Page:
Nearly one-fourth of polled faculty governance leaders at four-year colleges said faculty members had less influence on institutional decision-making since the pandemic started, while nearly 15% said their influence had grown.
That's according to a new survey from the American Association of University Professors, which received responses from around 400 faculty leaders. Just 3% of respondents thought faculty members had the same level of impact over budget decisions as administrators.
The faculty organization has contended that some colleges are using the pandemic as an excuse to flout shared governance, lay off faculty members and shut down programs.
AAUP asked faculty leaders to gauge how much sway faculty members had over institutional decision-making before and after the pandemic began. Those saying they were "not influential at all" doubled from 5% to 10% — the largest jump in any of the categories.
However, 6.6% of faculty leaders said members were "extremely influential" in decision-making, up from 5.4% before the health crisis. Some respondents said faculty members' power had grown because they were "more vigilant and outspoken" during the pandemic.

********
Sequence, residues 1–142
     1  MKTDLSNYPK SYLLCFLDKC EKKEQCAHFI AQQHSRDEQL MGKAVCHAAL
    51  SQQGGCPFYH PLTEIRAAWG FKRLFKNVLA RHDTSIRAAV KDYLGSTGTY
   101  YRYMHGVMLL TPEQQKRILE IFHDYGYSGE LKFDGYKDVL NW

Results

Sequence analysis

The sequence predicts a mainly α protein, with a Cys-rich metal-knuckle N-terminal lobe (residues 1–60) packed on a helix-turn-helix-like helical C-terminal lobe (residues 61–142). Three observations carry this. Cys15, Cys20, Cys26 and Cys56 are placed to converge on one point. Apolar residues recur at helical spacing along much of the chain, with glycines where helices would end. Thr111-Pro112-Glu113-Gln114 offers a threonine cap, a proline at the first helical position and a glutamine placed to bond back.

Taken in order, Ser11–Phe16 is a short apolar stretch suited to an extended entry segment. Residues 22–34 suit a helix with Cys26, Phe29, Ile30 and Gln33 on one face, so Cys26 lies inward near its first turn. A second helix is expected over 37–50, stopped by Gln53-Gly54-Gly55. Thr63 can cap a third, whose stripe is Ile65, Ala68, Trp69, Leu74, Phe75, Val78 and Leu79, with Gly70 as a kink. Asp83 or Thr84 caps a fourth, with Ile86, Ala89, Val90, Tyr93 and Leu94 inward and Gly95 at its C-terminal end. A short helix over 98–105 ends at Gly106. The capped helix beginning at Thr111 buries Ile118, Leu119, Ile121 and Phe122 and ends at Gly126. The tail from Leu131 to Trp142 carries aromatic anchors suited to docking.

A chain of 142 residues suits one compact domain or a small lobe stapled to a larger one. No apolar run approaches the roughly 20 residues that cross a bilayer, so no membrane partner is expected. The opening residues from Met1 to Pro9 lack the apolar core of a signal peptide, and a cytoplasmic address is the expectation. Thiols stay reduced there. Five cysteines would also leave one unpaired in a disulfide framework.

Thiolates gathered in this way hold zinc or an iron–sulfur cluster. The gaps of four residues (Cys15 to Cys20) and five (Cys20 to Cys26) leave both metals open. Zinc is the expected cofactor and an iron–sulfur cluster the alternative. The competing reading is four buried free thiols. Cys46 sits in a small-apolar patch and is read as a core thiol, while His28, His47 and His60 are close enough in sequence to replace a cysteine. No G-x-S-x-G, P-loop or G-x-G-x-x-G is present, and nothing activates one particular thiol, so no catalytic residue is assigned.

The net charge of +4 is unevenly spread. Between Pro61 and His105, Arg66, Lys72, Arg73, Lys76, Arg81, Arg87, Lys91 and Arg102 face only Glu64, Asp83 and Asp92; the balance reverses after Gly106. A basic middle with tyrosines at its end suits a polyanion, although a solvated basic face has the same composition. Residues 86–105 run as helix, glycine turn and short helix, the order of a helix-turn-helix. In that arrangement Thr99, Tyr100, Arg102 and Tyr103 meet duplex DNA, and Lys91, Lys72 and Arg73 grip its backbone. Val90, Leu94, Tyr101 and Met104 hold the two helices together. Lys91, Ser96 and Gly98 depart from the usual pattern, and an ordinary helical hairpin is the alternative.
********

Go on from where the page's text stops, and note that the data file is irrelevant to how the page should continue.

Two-thirds of respondents said faculty members had no control over budgeting decisions, while just under one-third said they had "meaningful" influence.
Faculty leaders at colleges with more than 5,000 students were less likely to say their administrations made budget decisions unilaterally compared to their peers at schools with 5,000 or fewer students.
The survey results also highlight the toll the pandemic has taken on instructors. One in 10 respondents at schools with tenure systems said their institutions had laid off tenured or tenure-track faculty members, while one in four of the full sample said their colleges had taken the same action with contingent faculty members.
That tracks with previous research from the College and University Professional Association for Human Resources, which shows that adjuncts experienced the heaviest job losses among faculty groups during the 2020-21 academic year.
The new data comes just a week after AAUP published the results of its investigation into eight schools over faculty governance concerns. The organization concluded that all the schools probed had violated or disregarded governance standards, adding that institutions nationwide have complained about similar problems.
Faith in college leaders has also been declining during the pandemic, according to a survey of 832 faculty members by The Chronicle of Higher Education. Forty-two percent of respondents said their trust in the administration had waned during the pandemic, while just 14% said it had increased.